Leadership in the E&P world on the other hand is characterised as follows:

Vision: leaders develop and communicate a vision for the organisation and a sense of purpose. They are adept at defining a strategy to achieve their vision and in the E&P world this this often means moving to new geographies, geologies, markets or technologies. They focus on the long-term.

Change: leaders initiate and effect change. This change is often strategic in nature and there are numerous examples in upstream. These include opening up Alaska and the North Sea after the oil embargo of the 1970s; the development of new technologies in response to low oil prices in the 1980s; the outsourcing initiatives of the 1990s; and unconventional resource exploitation in the 2000s.

Team: the leader’s focus on the team is more to do with ensuring a fit with the vision than worrying about functional capabilities. They build a team to carry the vision forward and spend a lot of time creating buy-in to the vision and strategy.

Motivation and inspiration: leaders create an environment that inspires people to achieve their goals and realise their potential. Leaders serve as role models and act with determination and initiative to get things done. They help others understand the big picture.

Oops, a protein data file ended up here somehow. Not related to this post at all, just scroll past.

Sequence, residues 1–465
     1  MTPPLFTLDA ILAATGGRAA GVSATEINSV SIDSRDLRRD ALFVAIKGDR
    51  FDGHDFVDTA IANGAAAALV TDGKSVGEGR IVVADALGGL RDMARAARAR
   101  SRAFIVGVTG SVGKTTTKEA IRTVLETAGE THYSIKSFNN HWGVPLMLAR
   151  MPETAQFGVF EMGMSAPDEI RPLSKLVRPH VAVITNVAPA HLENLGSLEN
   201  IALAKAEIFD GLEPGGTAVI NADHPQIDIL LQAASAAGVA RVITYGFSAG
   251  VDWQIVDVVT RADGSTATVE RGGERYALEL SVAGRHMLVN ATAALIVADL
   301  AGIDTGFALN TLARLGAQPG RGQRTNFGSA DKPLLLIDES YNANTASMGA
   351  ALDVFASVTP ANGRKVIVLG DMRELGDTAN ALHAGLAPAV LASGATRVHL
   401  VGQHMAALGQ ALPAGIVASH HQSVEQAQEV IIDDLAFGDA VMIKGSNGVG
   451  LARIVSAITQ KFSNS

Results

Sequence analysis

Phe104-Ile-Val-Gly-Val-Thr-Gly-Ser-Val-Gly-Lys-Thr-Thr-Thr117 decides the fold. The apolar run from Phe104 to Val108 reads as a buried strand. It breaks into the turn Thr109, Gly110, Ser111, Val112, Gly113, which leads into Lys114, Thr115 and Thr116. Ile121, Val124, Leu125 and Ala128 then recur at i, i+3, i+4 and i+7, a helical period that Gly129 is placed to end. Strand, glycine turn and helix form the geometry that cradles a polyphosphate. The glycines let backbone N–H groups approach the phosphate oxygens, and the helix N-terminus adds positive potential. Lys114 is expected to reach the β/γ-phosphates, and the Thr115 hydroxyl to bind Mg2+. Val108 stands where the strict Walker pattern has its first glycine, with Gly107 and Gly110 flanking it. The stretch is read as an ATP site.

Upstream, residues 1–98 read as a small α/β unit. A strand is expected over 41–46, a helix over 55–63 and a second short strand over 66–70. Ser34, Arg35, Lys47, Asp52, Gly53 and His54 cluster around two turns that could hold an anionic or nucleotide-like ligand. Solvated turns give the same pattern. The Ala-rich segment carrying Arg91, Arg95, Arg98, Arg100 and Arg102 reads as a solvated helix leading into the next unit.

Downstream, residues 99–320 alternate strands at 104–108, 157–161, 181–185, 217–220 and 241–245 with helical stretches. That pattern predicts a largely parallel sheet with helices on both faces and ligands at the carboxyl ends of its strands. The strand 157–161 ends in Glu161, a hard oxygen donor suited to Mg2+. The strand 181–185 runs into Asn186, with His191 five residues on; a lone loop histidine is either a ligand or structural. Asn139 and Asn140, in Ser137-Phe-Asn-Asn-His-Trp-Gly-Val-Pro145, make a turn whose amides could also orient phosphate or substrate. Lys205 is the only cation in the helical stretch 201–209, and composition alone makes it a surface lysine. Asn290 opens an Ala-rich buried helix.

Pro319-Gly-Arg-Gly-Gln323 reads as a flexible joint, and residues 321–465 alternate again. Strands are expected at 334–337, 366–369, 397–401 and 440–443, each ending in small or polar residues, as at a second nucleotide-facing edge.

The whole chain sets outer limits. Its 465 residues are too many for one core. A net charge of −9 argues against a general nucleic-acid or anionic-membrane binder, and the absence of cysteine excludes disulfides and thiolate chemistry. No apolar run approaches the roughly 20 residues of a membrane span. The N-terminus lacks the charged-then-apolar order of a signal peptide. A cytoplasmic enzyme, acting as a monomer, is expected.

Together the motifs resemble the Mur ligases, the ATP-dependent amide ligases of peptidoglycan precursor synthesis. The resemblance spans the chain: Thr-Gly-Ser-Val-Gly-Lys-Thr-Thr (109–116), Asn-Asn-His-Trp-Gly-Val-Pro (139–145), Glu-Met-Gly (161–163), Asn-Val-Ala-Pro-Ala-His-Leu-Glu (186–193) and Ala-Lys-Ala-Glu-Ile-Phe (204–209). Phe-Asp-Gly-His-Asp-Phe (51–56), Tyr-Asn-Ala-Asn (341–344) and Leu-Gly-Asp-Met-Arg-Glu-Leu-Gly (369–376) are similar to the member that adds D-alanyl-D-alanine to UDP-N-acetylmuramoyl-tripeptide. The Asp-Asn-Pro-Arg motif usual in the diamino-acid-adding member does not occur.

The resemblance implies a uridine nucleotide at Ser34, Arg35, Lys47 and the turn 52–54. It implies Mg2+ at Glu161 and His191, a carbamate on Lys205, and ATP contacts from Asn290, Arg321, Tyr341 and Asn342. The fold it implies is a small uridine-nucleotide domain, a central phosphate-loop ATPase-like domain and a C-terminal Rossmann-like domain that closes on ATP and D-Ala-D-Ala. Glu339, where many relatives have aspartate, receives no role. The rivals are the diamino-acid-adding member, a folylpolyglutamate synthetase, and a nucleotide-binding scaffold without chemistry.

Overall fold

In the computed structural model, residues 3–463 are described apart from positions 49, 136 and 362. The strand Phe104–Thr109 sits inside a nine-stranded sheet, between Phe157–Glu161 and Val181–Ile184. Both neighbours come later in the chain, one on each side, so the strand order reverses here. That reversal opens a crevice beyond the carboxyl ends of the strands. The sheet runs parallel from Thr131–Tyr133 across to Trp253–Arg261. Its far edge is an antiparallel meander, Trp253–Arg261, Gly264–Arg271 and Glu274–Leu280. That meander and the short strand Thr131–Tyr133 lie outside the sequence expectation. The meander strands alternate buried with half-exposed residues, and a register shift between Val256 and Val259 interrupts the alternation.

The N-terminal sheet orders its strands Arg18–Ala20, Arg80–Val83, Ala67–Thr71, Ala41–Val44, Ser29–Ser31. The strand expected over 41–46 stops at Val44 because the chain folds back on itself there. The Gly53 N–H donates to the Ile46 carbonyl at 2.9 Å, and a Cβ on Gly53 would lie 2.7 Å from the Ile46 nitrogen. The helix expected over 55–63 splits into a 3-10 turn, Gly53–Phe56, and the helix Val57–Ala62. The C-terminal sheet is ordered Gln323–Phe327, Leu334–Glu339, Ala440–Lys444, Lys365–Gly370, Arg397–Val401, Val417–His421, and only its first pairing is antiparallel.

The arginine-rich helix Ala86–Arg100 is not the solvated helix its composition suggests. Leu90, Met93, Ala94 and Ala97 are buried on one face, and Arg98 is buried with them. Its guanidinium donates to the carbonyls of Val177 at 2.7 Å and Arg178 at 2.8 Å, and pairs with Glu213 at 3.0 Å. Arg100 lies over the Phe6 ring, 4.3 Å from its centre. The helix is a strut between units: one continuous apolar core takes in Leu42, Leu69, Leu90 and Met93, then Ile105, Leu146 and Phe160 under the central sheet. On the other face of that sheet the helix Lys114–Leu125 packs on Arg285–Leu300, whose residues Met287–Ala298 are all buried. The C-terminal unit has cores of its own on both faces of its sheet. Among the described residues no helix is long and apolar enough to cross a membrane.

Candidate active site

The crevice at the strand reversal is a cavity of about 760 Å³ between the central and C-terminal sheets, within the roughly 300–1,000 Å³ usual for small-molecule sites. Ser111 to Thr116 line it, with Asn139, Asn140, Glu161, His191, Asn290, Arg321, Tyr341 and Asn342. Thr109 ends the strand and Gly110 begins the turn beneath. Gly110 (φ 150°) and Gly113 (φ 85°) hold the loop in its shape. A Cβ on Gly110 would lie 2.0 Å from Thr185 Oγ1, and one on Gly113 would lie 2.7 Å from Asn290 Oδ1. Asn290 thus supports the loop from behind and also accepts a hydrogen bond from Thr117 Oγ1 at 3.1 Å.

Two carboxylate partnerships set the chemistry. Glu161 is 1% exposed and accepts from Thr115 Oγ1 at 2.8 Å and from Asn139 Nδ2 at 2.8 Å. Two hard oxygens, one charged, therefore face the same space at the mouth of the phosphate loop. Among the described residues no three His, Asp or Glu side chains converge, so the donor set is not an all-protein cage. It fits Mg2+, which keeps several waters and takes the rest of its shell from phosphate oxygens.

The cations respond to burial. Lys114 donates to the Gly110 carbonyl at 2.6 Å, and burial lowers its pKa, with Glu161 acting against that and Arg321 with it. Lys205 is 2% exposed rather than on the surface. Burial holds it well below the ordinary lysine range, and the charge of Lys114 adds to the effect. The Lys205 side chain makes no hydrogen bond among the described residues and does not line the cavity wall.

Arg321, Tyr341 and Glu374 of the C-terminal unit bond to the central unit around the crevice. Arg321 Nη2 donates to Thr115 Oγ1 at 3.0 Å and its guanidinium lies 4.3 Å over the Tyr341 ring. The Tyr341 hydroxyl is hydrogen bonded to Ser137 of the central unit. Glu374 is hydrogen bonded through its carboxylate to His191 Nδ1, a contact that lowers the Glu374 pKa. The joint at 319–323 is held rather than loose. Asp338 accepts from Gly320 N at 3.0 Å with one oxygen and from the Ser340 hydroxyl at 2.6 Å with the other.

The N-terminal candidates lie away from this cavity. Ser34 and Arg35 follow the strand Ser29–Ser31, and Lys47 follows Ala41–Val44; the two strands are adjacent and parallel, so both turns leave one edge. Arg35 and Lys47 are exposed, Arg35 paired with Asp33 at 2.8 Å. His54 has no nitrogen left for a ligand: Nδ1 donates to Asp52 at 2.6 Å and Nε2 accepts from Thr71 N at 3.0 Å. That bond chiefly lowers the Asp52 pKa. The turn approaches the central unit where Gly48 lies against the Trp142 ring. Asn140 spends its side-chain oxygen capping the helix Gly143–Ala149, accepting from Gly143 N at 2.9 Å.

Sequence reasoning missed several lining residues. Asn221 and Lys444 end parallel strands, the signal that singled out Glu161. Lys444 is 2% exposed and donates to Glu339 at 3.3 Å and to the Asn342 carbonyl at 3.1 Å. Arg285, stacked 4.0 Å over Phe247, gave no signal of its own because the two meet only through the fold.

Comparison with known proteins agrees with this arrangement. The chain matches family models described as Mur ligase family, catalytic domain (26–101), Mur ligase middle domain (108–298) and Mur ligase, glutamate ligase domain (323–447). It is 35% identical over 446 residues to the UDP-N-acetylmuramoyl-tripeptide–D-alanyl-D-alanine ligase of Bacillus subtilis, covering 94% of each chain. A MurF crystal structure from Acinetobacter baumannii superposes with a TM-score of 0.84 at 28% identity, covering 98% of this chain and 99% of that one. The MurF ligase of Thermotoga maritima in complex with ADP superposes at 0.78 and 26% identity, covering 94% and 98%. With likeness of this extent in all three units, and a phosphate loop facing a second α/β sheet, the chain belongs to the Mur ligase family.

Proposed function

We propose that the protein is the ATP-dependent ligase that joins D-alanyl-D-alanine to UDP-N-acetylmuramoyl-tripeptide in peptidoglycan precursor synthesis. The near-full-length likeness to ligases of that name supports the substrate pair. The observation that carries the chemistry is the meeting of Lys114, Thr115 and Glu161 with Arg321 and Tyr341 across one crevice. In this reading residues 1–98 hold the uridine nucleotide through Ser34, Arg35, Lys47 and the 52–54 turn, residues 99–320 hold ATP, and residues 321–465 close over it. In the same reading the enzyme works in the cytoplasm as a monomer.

Behaviours: leaders have a strong self-awareness and a concern for the impact of their actions on others. While they may have preferred behavioural styles, they are flexible enough to adjust their approach to the given situation, remaining constantly aware of others. They have a clear set of values that drive their behaviour, and will do the “right thing” even if it is not popular.

People: the focus here is on coaching, mentoring and on developing staff to realise their potential. Good leaders will set boundaries and give their people space to deliver success.

Cross-functional awareness: As David Finlayson pointed out last month, all functions have a crucial role to play in the success of an E&P organisation. A great leader will have a breadth of experience, understand the importance of cross functional awareness and actively encourage and facilitate cross-functional communications.

Innovation: leaders not only initiate change but also encourage innovation, allowing teams to challenge the usual way of doing things and supporting creative thinking.

External focus: good leaders engage with a variety of stakeholders outside the organisation. In the E&P world this is characterised by a strong network across JV partners, relevant government ministries, regulators, NOCs, IOCS and service companies.